Exploring Treatment Fidelity in Persons With Aphasia Autonomously Practicing With Computerized Therapy Materials Purpose Current computer technologies permit independent practice for people with cognitive–communicative disorders. Previous research has investigated compliance rates and outcome changes but not treatment fidelity per se during practice. Our aim was to examine adherence to procedures (treatment fidelity) and accuracy while persons with aphasia independently practiced word production using ... Research Article
Research Article  |   March 01, 2018
Exploring Treatment Fidelity in Persons With Aphasia Autonomously Practicing With Computerized Therapy Materials
 
Author Affiliations & Notes
  • Angel L. Ball
    Department of Clinical Health Sciences, Texas A&M University–Kingsville
  • Michael de Riesthal
    Department of Hearing and Speech Sciences, Vanderbilt University Medical Center, Nashville, TN
  • Richard D. Steele
    Lingraphica, Princeton, NJ
  • Disclosure: Dr. Richard Steele is Chief Scientist at Lingraphica, a company that offers a range of commercial products and services for use in the rehabilitation of persons with aphasia and other communication disorders. Lingraphica technologies were used in this study.
    Disclosure: Dr. Richard Steele is Chief Scientist at Lingraphica, a company that offers a range of commercial products and services for use in the rehabilitation of persons with aphasia and other communication disorders. Lingraphica technologies were used in this study. ×
  • Correspondence to Angel L. Ball: angel.ball@tamuk.edu
  • Editor: Margaret Blake
    Editor: Margaret Blake×
  • Associate Editor: Anastasia Raymer
    Associate Editor: Anastasia Raymer×
  • Publisher Note: This article is part of the Special Issue: Select Papers From the 46th Clinical Aphasiology Conference.
    Publisher Note: This article is part of the Special Issue: Select Papers From the 46th Clinical Aphasiology Conference.×
Article Information
Language Disorders / Aphasia / Special Issue: Select Papers From the 46th Clinical Aphasiology Conference / Research Articles
Research Article   |   March 01, 2018
Exploring Treatment Fidelity in Persons With Aphasia Autonomously Practicing With Computerized Therapy Materials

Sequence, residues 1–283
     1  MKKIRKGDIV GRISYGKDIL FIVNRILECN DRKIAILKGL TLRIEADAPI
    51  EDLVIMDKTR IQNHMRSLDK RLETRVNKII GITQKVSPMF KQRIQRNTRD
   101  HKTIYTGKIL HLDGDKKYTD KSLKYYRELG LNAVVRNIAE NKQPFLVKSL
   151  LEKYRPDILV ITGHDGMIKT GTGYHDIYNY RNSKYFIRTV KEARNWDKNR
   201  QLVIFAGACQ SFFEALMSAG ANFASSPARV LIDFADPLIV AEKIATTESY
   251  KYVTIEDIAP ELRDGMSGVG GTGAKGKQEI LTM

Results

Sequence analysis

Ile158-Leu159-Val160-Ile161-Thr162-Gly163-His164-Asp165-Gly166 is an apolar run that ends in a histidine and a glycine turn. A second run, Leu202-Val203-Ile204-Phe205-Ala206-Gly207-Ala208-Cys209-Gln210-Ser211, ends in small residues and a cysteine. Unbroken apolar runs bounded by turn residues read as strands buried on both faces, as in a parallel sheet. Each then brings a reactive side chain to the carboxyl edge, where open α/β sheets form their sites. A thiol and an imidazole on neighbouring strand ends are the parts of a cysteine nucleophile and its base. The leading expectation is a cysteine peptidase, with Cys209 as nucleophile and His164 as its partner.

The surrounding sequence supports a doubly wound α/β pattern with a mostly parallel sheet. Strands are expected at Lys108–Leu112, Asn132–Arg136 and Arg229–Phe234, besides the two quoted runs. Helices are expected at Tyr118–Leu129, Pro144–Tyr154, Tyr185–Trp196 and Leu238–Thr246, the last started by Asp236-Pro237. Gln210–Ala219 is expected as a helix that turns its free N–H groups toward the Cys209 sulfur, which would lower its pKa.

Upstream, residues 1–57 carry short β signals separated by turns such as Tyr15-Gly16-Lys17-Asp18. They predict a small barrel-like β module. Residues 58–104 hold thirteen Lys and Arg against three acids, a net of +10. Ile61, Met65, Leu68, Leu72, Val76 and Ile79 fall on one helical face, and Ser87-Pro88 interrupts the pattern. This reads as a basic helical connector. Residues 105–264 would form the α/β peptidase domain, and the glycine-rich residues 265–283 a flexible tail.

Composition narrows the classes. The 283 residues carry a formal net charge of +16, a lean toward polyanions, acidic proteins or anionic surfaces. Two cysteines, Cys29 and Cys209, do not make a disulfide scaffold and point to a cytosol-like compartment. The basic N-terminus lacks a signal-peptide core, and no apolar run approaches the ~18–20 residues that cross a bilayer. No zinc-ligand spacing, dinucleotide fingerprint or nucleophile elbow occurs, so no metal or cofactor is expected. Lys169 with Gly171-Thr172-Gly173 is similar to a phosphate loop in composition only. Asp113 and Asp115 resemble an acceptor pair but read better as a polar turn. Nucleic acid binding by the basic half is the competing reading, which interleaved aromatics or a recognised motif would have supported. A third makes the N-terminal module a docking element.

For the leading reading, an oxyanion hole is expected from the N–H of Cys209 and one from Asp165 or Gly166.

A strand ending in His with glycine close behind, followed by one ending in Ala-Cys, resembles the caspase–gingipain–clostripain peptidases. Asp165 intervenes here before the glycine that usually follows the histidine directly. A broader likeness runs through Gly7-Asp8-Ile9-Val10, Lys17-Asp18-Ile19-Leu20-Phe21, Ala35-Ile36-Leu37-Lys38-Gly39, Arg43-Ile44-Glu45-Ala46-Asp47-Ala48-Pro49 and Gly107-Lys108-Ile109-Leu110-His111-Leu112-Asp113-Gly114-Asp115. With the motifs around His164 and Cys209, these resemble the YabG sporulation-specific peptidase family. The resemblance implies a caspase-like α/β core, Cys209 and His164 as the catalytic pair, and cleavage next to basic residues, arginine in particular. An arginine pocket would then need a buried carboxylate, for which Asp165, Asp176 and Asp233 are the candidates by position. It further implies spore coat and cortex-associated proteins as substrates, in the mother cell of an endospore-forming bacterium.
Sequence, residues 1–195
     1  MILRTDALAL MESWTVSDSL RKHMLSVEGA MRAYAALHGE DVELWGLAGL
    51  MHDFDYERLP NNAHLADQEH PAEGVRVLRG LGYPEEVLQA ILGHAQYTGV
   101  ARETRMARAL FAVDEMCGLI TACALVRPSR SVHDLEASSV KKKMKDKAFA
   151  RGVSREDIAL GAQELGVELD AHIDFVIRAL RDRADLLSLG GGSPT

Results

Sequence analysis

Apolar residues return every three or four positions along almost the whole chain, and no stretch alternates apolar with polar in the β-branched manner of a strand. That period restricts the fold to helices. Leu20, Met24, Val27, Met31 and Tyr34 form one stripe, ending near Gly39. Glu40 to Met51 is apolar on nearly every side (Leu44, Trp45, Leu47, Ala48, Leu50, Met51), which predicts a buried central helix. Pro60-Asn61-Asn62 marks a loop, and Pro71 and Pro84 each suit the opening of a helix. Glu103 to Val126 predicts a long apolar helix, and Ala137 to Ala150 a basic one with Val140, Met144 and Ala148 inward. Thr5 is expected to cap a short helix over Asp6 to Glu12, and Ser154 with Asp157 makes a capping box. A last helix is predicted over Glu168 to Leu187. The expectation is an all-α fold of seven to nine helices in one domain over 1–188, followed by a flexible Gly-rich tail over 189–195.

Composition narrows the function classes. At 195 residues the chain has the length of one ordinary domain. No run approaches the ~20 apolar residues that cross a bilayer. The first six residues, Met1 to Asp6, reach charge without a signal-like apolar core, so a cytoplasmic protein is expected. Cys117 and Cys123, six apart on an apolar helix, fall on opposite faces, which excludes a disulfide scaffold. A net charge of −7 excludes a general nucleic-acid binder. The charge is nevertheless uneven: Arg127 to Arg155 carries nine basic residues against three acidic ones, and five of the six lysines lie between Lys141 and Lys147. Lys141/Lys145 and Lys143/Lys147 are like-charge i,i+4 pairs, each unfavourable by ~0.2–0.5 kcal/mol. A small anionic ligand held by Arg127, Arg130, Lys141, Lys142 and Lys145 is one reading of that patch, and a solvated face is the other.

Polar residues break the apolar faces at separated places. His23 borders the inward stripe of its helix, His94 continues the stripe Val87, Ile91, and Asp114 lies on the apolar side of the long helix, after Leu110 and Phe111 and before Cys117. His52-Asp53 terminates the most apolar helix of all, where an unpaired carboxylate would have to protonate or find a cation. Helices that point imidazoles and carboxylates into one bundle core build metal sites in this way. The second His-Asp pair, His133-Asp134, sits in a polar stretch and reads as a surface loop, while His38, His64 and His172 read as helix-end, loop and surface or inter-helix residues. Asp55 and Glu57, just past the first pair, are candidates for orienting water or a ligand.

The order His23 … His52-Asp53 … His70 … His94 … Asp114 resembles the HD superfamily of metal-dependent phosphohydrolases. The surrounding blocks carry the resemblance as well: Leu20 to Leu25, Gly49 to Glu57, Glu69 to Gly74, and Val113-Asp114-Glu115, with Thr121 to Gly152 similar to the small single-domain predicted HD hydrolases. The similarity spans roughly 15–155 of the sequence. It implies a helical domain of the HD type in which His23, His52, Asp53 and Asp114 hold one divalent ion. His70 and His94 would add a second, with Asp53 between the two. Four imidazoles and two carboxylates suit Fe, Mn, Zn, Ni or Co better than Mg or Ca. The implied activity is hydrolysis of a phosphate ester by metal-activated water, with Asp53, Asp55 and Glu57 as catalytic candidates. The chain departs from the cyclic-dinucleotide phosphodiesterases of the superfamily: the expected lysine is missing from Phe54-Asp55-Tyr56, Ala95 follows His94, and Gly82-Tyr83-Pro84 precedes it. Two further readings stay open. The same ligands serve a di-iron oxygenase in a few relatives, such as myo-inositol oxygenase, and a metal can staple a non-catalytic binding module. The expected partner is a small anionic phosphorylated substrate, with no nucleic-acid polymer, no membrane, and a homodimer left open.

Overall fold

American Journal of Speech-Language Pathology, March 2018, Vol. 27, 454-463. doi:10.1044/2017_AJSLP-16-0204
History: Received October 31, 2016 , Revised March 12, 2017 , Accepted September 7, 2017
 
American Journal of Speech-Language Pathology, March 2018, Vol. 27, 454-463. doi:10.1044/2017_AJSLP-16-0204
History: Received October 31, 2016; Revised March 12, 2017; Accepted September 7, 2017

Purpose Current computer technologies permit independent practice for people with cognitive–communicative disorders. Previous research has investigated compliance rates and outcome changes but not treatment fidelity per se during practice. Our aim was to examine adherence to procedures (treatment fidelity) and accuracy while persons with aphasia independently practiced word production using interactive, multimodal, user-controlled, word-level icons on computers.

Method Four persons with aphasia independently practiced single-word production after stimulation via user-initiated interactions in 3 conditions: (I) auditory stimulus with static representational drawing; (II) auditory stimulus with synchronized articulation video; and (III) users' choice between the 2 prior conditions. Sessions were video-recorded for subsequent analysis, which established emergently refined behavioral taxonomies using an iterative, mixed-methods approach.

Results In independent practice, users only sometimes adhere to modeled behaviors, other times improvising novel behaviors. The latter sometimes co-occurred with successful productions. Differences in success rates were noted between Conditions I and II across behaviors with Condition II generally favored. In Condition III, participants tended to choose the stimulus that resulted in highest success rates.

Conclusions During independent practice with technology, persons with aphasia do not necessarily comply with clinicians' practice instructions, and treatment fidelity does not determine success. Autonomy and choice in practice may reveal unanticipated dimensions for computerized aphasia treatment.

Acknowledgments
This research was funded in part by a University Research Award, from the office of Research and Graduate Studies at Texas A&M University–Kingsville, and from an internal award from the Office of Title V–The Promoting Post baccalaureate Opportunities for Hispanic Americans program, given to Angel Ball. The authors also wish to thank the many students of the Communication Sciences and Disorders at Texas A&M University–Kingsville, particularly then-students Alejandra Figueroa, Virginia Diaz de Leon, and Gretchen (Williams) Ramirez, for participation in this project.
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